The Stoics believed that a man’s philosophy is revealed not in what he says but how he lives.
A constant theme in the works of Stoicism is the need to be impervious to circumstance, allowing nothing to rob you of your equanimity. In Meditations, Marcus Aurelius reminds himself repeatedly that a sound philosophy is the safe-haven from worldly influence.
“Withdraw into yourself.”
Whether in an ongoing battle against Germanic tribes or simply being consumed by office politics, the ability to center one’s self, grounded in the tenets of a philosophy based off reason, gives one the space to deal with life’s difficulties in the most productive way. When we can distant ourselves from the task at hand, the space between the observed and the observer becomes a natural buffer zone in which we intelligibly address the problem at hand using logic, free of the overpowering tendency of our emotions to run rampant.
“Men seek retreats for themselves – in the country, by the sea, in the hills – and you yourself are particularly prone to this yearning. But all this is quite unphilosophic, when it is open to you, at any time you want, to retreat into yourself. No retreat offers someone more quiet and relaxation than that into his own mind…”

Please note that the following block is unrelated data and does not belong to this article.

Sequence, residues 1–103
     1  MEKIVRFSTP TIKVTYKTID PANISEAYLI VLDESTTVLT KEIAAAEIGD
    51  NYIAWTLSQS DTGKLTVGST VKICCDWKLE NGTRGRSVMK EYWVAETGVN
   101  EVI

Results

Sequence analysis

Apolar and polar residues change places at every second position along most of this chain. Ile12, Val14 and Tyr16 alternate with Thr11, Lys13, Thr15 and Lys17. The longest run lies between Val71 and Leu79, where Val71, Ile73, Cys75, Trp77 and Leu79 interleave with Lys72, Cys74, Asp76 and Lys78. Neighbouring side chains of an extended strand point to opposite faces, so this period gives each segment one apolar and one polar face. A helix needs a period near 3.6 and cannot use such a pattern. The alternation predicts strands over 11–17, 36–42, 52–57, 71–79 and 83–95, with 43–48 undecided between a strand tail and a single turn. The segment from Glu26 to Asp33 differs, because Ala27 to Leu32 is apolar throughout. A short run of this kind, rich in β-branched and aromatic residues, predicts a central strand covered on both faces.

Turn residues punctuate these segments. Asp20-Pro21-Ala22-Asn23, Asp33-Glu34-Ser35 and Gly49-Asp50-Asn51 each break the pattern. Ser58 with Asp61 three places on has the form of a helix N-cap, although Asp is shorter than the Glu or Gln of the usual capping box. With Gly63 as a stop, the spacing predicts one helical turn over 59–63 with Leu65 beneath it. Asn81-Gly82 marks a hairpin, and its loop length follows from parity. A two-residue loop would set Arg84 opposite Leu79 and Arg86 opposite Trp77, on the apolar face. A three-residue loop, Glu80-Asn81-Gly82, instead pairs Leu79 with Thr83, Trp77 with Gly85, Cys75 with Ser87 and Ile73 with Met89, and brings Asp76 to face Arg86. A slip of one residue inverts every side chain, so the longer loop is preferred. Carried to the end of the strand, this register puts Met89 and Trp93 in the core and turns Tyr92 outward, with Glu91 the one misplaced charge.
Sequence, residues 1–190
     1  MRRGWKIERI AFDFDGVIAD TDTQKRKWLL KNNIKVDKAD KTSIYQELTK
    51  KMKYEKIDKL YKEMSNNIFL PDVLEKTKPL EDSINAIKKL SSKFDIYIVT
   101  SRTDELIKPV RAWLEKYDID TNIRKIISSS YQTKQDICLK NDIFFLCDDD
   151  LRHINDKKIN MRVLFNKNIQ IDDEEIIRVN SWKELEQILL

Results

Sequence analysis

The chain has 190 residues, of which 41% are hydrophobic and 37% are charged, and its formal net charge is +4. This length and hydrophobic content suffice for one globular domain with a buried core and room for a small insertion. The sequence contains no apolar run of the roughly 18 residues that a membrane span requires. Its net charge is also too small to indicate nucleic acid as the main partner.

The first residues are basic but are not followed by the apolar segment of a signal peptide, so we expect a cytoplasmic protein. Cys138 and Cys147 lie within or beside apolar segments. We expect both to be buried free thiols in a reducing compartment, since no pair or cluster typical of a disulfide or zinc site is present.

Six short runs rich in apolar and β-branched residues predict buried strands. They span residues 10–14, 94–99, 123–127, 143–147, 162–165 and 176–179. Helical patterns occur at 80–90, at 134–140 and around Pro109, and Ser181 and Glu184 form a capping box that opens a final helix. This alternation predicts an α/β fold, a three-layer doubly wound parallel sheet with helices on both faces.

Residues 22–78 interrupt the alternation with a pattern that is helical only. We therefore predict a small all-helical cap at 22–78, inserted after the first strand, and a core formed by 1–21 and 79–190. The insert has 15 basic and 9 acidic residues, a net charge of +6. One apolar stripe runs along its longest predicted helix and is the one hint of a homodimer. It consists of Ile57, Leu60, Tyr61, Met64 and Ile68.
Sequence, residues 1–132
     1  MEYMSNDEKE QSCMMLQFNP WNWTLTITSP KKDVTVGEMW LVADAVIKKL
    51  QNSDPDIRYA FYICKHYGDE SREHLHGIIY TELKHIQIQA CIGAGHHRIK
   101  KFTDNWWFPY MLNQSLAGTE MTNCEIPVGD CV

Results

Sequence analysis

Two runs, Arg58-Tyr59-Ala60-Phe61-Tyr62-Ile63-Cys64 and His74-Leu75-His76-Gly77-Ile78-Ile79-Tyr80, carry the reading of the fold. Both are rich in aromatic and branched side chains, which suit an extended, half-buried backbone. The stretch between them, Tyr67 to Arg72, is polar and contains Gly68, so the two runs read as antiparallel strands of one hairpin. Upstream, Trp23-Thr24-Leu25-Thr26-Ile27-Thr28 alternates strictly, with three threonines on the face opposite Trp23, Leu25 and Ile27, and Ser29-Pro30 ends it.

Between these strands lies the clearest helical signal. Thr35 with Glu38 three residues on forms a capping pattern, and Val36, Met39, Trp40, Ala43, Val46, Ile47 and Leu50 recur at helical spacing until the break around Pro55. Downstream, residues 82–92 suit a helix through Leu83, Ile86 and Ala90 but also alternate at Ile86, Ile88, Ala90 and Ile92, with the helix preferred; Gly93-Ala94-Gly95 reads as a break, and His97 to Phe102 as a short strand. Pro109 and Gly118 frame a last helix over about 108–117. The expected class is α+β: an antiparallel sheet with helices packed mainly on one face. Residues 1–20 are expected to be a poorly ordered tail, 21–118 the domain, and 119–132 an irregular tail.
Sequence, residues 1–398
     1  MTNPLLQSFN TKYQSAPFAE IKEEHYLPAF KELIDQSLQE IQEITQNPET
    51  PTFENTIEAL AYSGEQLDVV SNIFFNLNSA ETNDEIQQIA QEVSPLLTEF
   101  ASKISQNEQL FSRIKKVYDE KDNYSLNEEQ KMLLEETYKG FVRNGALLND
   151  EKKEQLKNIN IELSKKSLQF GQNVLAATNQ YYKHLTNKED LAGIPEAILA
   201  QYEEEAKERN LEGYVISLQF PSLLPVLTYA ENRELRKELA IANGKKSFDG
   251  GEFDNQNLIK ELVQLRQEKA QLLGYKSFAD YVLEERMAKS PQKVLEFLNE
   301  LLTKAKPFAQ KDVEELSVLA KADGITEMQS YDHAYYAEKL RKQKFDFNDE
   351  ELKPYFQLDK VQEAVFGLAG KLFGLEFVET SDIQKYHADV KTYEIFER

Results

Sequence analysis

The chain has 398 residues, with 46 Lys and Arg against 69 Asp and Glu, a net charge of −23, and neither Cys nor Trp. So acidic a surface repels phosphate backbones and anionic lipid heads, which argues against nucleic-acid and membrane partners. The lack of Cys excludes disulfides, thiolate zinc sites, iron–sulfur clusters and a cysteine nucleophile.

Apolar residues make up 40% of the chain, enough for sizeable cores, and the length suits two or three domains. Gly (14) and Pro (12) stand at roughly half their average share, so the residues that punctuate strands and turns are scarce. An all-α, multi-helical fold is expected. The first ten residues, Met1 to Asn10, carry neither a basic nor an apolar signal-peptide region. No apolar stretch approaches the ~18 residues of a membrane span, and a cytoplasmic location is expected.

When this becomes the focus of our personal study, we create a home within ourselves, and the stresses of the world become manageable.
When I was away this summer on a 3-month solo road trip, I lived by Joseph Campbell’s words, “The demon you can swallow gives you its power.” I made a pact with myself that I would view every obstacle as an opportunity to grow, the more difficult a situation was the greater its potential to serve me. This simple phrase became a pillar of my philosophy, and though it was a simple mantra consisting of 9 words, it brought me much strength in times of need.
To retreat into one’s self we must have an open communication with ourselves. We see that our stresses are more a result of our thoughts about events rather than the events themselves.
Ultimately, events have no meaning other than that which we ascribe to them. In tempering our emotional response to stimuli, in turning inward for our own salvation, we are no longer at the mercy of circumstance. We shape our world through our view of it.
“That is why a mind free from passions is a fortress: people have no stronger place of retreat, and someone taking refuge here is then impregnable. Anyone who has not seen this is short of wisdom: anyone who has seen it and does not take refuge is short of fortune.”
We demonstrate our knowledge in what we say, but our wisdom comes forth in the way we live.
Next time you are cut off in traffic, seduced into an argument, or in a group conversation discussing the trivial, know that you are not confined to circumstance. At any moment we have the power to retreat into ourselves, creating a home where there was once confusion.
When we develop this ability, there is no demon we cannot swallow and no power we cannot ascertain.